Wednesday, September 2, 2009

Ranma 1/2 vs Usagi Yojimbo

I am pretty sure that before this week I had never read any Ranma 1/2, or any Usagi Yojimbo. These 2 series are unrelated except for the facts that 1. I picked up 2 volumes each at my local library, 2. I just read 2 volumes of each of them, 3. I am talking about them now (or' talkin' 'bout' them, as it were).

Usagi Yojimbo - Stan Sakai - This is a pretty straight forward lovingly done tribute to a genre. It also uses anthropomorphic animals to tell its stories. I am a big fan of Kurosawa's samurai era films. I also bought a lot of Lone Wolf and Cub when First Comics put out the English language editions with the Frank Miller covers in the late 80's. Usagi Yojimbo started around the same time I think, and I have been aware of it, and thought it was cool, but never read it because sometimes(most times) I am slow to pick up on things.
The volumes I got from the library are numbered 2 and 3, and are put out by Fantagraphics. In this case I don't think starting with volume 2 was bad because it contains what was the first 6 volumes of the Usagi Yojimbo comic, and starts right off with a very nice origin story retelling by the main character himself.
You should know by now that I tend to like nearly everything I read on some level or another. Even I have a ha
rd time believing me when I re-read my reviews. That being said, and unnecessarily apologized for... I really love this series so far, and can't believe it has taken me this long to actually break into it.
The really great thing about this, is that the art is fantastic. It's dynamic and expressive (I think those are important things for art in a comic like this), and allows you to distance this work from its 'source' material. It makes this telling of things completely its own. I don't feel like the use of Animals here is completely allegorical in nature. I don't feel that every animal represented is directly representative of some characteristic of the specific character. Some are, but I don't think it is trying to be that deep all the time. I consider that a very good thing. The way it is done is light, has a good bit of humor, but also comes across as having more depth than just that. Usagi is a real character and we are on his journey with him. He is very much cut from the same cloth as the heroes of the genre I mentioned earlier, and his story is expertly told. Plus... You have to admit that a kick butt samurai rabbit is an extremely cool character design.
This is well written and well drawn. If you like the stories of Zatoichi or Miyamoto Musashi, or any of the others I mentioned, you should give this a shot. If you aren't sure about those things, give this a shot anyway. I think this is a pretty accessible window into the genre.

Ranma 1/2 - Rumiko Takahashi - I am not a big consumer of manga. I have read a number of titles, but nowhere near the hundreds that my daughters have read. I have seen Ranma 1/2 for a LONG time, my library has a ton of it, but I have never tried to read it, and never really understood what it was about. I decided on my last trip or 2 to the library that i would specifically pick up some things I had sort of avoided reading for a long time, and make an effort to read them.
Ranma 1/2 is the story of a father and his daughters who run a martial arts school. He has arranged with an old friend that one of his daughters will become engaged to the friend's son, sight unseen. When the friend and his son show up, it becomes clear pretty quickly that something strange has happened to them. Ultimately it boils down to the fact that they had gone to China and chose to train in an area covered with cursed springs. Anyone falling into one of the springs comes out of it oddly and mostly comically transformed. The transformations are triggered by hot and cold water. The father turns into a giant panda when he is splashed with cold water. The son turns into a girl. To change them back they need to be doused with hot water.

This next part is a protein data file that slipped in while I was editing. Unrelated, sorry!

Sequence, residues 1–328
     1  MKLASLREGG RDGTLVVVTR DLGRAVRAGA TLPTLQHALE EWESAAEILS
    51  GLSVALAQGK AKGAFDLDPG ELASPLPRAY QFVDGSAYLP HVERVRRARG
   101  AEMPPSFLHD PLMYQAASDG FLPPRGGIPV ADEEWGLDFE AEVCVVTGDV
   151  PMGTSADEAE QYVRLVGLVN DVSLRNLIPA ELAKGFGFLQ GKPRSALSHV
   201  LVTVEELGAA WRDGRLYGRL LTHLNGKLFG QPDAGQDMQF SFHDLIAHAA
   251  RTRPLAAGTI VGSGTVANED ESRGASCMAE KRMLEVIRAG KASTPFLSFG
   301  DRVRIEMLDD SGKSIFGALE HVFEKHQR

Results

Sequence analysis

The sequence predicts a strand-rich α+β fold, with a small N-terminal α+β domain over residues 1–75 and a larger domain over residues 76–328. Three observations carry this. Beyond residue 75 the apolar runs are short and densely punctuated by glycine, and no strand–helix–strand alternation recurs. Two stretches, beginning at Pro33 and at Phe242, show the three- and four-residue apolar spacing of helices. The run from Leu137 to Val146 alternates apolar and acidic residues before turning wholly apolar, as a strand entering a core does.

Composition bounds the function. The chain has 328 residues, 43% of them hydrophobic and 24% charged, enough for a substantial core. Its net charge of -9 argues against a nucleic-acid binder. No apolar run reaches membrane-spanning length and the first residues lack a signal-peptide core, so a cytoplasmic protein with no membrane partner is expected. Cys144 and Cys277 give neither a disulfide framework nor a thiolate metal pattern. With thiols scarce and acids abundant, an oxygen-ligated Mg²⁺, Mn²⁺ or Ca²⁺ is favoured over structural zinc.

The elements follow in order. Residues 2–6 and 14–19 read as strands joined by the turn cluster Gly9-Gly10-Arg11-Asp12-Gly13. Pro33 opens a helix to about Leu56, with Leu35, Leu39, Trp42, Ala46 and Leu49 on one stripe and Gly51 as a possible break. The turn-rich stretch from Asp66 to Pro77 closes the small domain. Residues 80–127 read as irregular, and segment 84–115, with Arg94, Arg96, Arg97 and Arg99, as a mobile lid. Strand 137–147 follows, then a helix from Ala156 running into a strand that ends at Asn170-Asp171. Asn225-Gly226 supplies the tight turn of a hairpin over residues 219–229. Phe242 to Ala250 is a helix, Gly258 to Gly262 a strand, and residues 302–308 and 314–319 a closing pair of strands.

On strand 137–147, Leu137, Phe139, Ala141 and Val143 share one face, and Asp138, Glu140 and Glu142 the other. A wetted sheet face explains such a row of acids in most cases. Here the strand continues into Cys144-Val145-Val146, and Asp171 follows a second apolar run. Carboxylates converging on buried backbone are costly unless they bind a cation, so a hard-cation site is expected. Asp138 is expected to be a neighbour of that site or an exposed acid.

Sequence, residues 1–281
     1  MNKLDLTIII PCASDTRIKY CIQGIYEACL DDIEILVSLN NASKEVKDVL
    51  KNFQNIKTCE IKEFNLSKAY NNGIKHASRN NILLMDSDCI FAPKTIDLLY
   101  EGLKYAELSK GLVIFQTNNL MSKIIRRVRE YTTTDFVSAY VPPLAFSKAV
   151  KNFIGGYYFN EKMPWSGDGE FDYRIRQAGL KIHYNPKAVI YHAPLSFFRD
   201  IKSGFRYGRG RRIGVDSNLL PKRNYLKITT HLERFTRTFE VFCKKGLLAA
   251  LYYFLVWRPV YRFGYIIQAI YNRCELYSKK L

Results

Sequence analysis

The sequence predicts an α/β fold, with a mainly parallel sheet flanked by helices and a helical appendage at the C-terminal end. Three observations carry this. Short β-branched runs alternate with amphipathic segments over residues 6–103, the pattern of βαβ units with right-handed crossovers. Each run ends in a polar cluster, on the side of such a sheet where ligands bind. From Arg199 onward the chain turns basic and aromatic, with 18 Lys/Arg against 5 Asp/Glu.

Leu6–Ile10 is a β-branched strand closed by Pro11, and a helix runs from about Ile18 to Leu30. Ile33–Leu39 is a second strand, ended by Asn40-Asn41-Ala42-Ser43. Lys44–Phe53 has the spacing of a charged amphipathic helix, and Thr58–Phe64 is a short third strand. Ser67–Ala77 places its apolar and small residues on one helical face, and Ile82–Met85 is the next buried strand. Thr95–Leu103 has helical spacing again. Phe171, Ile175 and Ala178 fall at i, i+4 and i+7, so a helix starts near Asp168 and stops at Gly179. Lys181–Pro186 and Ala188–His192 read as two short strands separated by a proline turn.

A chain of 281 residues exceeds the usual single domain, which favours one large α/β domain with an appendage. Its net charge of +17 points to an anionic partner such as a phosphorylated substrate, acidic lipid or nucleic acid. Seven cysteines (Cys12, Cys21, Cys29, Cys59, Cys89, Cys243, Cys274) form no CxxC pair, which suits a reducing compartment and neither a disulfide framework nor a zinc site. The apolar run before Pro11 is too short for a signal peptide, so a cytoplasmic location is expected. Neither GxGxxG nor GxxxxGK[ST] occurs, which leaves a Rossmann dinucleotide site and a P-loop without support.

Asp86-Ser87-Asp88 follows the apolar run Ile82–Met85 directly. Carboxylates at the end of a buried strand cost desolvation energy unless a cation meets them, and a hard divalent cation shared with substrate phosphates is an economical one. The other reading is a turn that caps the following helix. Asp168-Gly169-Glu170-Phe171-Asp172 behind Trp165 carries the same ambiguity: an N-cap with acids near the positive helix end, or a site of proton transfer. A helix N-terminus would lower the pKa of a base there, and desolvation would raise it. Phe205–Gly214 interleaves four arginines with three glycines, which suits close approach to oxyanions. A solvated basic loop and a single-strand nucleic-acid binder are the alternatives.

Ranma Saotome is the boy in question. He is an expert martial artist. Akane Tendo is the daughter that ends up engaged to him. Her sisters decided that since Akane seems to hate all the boys she has met, that a boy who is also a girl would be ideal for her. There isn't a ton of depth here, but there is a lot of action, and even more humor. There are also a lot of boobs. lots and lots, but no sexual situations. I will probably let my 10 year old read this. As far as nudity goes, it is about as inoffensive as you can get, and is generally used for humor one way or another.
Akane is also extremely skilled in martial arts. Prior to Ranma showing up, she was able to beat up all the boys in her area. She is not keen on being anyone's fiance at the moment, especially not someone she didn't choose. She is hard-headed and has a quick temper, but she is not without her endearing qualities as well.
In addition to Ranma and his father, we get another character that has had misfortune at the cursed springs. He blames Ranma for it, and is intent upon destroying him. Unfortunately for him, his changed form is that of the cutest little black pig you will ever see.
Obviously this is filled with improbable situations where the changing characters are doused with water far more than anyone should ever expect to be doused with water. I laughed out loud constantly as I was reading this. The second volume moves into the realm of odd specialty fights that Ranma must be a girl to help out in. First it is a Martial Rhythmic Gymnastics battle, and then it is a Martial Figure Skating battle. I admit that those things seem kind of dumb to me, but they are really pretty funny, and very smartly executed. Again, there isn't a ton of depth, but there is a lot of action and cuteness and humor.

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